The most thorough profile on poverty in Cambodia ever completed shows 36 percent of citizens live in poverty, and more than half of those are not getting enough food to eat.
The Poverty Profile of Cambodia—1997, soon to be released by the Planning Ministry, shows the number of Cambodians below the poverty line dropping from 39 percent in a similar 1993-1994 study to 36 percent last year. The numbers, however, differ when broken down by region.
While Phnom Penh’s poverty rate remains the same at 11 percent, other urban areas have dropped from 37 to 30 percent and rural areas from 43 to 40 percent, according to the study.
The profile surveyed 6,010 households randomly selected from villages and urban communes in 20 provinces, and was carried out from the end of May to the end of June.
The study, sponsored by the UN Development Program, the Swedish International Development Cooperation Agency and The World Bank, “is being used as a information base for better poverty analysis and policy in Cambodia,” the Ministry of Planning said in a statement preceding the report.
R Natarajan of the World Bank on Friday said the 1997 profile is much more thorough than the 1993-94 Cambodia Socio-Economic Survey and should be the baseline from which poverty is measured in the future.
“We hope that the government will have the capacity to carry out the [profiles] on an annual basis,” he said.
Such profiles are the norm in other developing countries and are indispensible for creating effective poverty alleviation policies, Natarajan said. For example, the profile showed 75 percent of the poor living in households where the head is self-employed and engaged in agriculture.
“Poverty alleviation interventions need therefore to be targeted mainly to the rural population and should focus on agriculture,” the report stated.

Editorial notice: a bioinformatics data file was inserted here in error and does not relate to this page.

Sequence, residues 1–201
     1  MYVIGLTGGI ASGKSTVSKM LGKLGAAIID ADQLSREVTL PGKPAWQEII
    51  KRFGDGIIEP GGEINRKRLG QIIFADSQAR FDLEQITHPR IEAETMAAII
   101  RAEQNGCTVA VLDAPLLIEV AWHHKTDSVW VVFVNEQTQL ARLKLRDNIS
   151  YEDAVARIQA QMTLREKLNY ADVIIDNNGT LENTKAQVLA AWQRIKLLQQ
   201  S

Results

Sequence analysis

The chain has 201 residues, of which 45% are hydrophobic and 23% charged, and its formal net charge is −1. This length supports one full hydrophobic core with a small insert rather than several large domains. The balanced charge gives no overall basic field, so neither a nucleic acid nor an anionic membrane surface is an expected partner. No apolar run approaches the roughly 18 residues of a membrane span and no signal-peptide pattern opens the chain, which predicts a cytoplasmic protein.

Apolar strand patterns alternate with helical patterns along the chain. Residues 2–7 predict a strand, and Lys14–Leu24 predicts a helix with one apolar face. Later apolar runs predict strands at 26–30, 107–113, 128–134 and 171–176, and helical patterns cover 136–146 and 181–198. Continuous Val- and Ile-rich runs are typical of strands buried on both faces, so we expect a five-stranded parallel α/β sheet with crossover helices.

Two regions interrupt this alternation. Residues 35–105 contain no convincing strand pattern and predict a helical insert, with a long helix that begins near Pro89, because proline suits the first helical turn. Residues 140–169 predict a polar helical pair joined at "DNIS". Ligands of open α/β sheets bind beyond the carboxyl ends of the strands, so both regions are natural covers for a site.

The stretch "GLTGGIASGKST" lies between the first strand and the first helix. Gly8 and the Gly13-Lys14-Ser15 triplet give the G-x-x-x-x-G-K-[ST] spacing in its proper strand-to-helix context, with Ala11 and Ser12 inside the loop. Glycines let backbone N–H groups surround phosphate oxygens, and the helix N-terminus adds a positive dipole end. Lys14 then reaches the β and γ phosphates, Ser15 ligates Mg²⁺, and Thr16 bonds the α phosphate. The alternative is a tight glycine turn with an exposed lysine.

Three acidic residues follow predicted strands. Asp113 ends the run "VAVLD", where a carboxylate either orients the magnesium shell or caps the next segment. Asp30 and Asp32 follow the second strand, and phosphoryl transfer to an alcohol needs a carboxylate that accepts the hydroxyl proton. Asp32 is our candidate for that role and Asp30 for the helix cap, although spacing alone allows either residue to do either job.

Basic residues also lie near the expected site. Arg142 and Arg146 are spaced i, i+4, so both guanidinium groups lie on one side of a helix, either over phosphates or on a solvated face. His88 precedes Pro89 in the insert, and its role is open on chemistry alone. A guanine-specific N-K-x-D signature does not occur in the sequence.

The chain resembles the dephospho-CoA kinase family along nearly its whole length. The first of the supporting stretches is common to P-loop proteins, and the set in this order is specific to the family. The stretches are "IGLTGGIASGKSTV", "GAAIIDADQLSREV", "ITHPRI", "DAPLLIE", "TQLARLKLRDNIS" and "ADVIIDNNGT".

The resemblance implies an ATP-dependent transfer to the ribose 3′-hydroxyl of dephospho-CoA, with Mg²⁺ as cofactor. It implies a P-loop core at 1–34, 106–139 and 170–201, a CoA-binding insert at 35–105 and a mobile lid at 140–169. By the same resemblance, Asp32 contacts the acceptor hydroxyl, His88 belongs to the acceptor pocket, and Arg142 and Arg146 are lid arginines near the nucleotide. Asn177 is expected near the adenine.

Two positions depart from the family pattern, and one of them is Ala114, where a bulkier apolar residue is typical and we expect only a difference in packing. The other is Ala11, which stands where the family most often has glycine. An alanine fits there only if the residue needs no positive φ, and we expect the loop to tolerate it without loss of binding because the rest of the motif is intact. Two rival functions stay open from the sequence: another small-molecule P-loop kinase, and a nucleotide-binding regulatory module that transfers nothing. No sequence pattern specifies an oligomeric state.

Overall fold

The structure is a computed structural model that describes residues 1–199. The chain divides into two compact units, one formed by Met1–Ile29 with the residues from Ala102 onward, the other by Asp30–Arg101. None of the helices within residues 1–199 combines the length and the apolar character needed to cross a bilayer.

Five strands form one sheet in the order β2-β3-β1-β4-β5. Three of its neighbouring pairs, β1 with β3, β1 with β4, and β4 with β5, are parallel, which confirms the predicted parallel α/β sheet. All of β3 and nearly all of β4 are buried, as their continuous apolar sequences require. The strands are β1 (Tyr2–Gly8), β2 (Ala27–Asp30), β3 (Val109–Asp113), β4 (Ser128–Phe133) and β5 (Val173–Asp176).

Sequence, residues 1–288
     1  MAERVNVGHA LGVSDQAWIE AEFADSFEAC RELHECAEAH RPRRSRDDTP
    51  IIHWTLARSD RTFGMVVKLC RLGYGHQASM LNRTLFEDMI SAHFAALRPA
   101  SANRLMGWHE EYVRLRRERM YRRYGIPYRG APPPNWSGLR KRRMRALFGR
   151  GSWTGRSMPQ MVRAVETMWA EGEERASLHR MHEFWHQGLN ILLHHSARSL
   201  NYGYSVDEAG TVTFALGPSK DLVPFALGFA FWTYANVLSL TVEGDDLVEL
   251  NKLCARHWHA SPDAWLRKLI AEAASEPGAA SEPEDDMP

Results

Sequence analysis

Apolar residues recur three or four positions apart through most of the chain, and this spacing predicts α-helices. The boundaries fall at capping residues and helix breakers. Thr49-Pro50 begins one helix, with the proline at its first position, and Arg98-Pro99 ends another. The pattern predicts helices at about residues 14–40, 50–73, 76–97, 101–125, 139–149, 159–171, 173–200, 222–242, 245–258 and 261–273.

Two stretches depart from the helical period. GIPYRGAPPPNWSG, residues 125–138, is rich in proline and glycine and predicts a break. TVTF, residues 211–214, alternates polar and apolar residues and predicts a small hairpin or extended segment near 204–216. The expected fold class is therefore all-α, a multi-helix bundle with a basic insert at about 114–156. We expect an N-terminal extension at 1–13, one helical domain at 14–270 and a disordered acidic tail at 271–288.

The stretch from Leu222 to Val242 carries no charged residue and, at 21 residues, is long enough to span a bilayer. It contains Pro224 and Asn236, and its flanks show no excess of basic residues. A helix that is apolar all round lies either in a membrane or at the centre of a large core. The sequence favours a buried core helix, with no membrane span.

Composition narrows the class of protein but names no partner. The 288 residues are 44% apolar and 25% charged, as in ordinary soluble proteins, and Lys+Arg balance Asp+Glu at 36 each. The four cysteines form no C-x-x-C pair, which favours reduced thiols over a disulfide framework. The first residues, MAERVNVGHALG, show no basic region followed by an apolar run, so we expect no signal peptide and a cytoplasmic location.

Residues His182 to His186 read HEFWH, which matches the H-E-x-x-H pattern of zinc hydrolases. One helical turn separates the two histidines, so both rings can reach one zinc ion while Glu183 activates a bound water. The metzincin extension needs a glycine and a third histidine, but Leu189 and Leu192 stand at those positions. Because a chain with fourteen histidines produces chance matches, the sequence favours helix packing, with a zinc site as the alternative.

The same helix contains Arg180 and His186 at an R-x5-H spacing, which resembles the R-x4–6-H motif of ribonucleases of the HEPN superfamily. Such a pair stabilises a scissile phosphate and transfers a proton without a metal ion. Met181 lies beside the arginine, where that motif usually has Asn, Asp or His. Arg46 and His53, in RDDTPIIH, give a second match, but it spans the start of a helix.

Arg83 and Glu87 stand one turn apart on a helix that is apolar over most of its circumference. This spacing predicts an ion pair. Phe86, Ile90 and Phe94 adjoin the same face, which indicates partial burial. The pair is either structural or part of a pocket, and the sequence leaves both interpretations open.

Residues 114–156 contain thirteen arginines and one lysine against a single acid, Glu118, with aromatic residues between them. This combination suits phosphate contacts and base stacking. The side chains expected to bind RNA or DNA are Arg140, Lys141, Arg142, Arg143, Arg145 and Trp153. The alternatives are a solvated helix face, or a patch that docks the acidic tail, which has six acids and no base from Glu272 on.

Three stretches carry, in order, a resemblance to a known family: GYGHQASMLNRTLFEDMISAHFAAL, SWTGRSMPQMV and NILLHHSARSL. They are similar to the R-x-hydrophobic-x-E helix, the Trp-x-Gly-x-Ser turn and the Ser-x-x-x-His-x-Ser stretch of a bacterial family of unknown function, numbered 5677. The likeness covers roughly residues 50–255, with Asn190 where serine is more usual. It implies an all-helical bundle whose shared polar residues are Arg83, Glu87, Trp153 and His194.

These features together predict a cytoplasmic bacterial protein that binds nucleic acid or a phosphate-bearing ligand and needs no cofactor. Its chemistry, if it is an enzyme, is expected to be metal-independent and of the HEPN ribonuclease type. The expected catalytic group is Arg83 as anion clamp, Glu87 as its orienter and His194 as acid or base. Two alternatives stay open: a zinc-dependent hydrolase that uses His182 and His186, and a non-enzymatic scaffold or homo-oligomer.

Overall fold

The report also suggests two of every 10 Cambodians are not getting enough food to survive.
Among the poor, the survey looked at two levels of poverty. The “food poverty line” based its indicator on a 2,100 calorie per day diet. The survey said Phnom Penh residents need 1,378 riel per day to buy enough food to meet this calorie level, other urban residents needed 1,102 riel and rural residents 940 riel.
Twenty percent of Cambodians are below that line, down 2 percent from the previous survey.
The “poverty line,” where nearly 36 percent of Cambodians are, allows for a certain amount of additional money for transportation, goods and clothes.
The report implied the declining number of children per household in all regions and social strata, from 5.6 persons to 4.9, may be a reason for the decreases in poverty. The number of children per family, ages 0 to 14, dropped from 3.4 to 2.8 percent among the nation’s poorest.
Karen Hill, coordinator for the Save the Children Alliance, said future government programs should target the poorest of the poor, especially the children.
“Ignoring the poor cuts off a great pool of talent that can contribute to the economic development of the country,” she said.
Other notable findings include a dramatic increase in the overall number of households with piped- in water from 7 percent to 23 percent. For the poorest, this increased from 4 to 19 percent.
Ownership of radios among the poor increased from 23 to 28 percent and televisions from 3 to 8 percent. Bicycle ownership decreased slightly from 57 to 55 percent while motorized transportation increased from 6 to 8 percent.